Figures and bodies constituting script
While figurative forms can be constituted by script, script in turn can also be formed by figurative elements. For instance, so-called anthropomorphic and zoomorphic initials in European manuscripts consist of the painted or drawn bodies of humans and animals, and in Arabic calligraphy, script can bloom and sprout leaves. In other cases, script in a manuscript can be written or painted in a way that conjures up a specific material, such as textile or stone.
Diagrams and schemata consisting of or incorporating script
A different kind of iconicity lies at the heart of diagrams and schemata. Here, too, the written and the figural form an inextricable whole. Their overall visual structure, however, serves first and foremost as a matrix which represents not things or concepts themselves, but relationships of concepts and/or things to one another, making diagrams and schemata unique instruments for transmitting and even generating knowledge.
Hanna Wimmer, Rostislav Tumanov and Lena Sommer
For the full workshop programme, and to register, see here:
Postgraduate Study Course:
Textos, libros y lectores: Una introducción a la cultura manuscrita de la Península Ibérica durante la Baja Edad Media
Madrid, 13-17 October 2014
Deadline: 30 September
El objetivo de este curso es ofrecer una introducción al estudio de la cultura manuscrita peninsular durante la Baja Edad Media, en la que tenga cabida la producción libraria latina, hebrea, árabe y romance. Para ello, los diferentes participantes irán tejiendo una panorámica de la compleja realidad ibérica y de las particulares dinámicas que rigen la creación, transmisión y recepción de los manuscritos creados al amparo de estas tradiciones, que en ningún caso han de considerarse compartimentos estancos. Las clases se han planteado a partir de cuatro ejes fundamentales: a) una reflexión sobre los condicionantes impuestos por la circulación manuscrita de los textos y los retos que este fenómeno plantea al historiador/filólogo hoy en día, b) un breve acercamiento a la codicología partiendo de ejemplos concretos, c) cuatro catas puntuales sobre aspectos que singularizan a la producción libraria peninsular frente a otros territorios europeos (la prevalencia del romance frente al latín desde un momento muy temprano, el diálogo multicultural en torno al texto bíblico, la impronta dejada por la poesía andalusí en la lírica peninsular, y el peso de la literatura legal en el conjunto de la producción manuscrita hispánica), y d) una inmersión en el análisis de las relaciones entre texto e imágenes en el soporte manuscrito. De este modo, se pretende dar cuenta de la singular condición del manuscrito en tanto que objeto en la encrucijada entre varias disciplinas.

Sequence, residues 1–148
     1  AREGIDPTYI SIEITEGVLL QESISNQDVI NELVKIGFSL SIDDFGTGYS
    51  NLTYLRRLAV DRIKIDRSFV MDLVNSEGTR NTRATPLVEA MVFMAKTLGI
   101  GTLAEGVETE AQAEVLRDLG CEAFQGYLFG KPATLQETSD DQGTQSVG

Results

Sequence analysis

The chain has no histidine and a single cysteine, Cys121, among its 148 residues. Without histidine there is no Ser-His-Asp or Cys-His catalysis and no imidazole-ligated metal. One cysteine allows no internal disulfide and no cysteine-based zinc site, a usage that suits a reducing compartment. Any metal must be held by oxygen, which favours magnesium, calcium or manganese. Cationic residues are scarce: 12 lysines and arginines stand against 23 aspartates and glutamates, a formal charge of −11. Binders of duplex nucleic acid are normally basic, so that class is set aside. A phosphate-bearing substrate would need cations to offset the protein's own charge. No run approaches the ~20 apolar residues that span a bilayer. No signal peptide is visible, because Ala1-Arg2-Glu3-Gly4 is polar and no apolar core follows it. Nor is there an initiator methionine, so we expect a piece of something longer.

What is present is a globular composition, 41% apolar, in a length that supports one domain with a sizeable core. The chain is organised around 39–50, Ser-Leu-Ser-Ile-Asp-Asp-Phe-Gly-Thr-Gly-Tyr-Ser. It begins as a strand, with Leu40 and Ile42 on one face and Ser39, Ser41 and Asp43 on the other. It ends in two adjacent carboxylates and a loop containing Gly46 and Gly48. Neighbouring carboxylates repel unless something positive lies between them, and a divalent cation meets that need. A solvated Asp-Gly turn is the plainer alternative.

Organisers: Rosa Rodríguez Porto (University of York) and Javier del Barco (ILC, CCHS-CSIC)
For the full programme and to apply, see: http://www.cchs.csic.es/en/textoslibrosylectores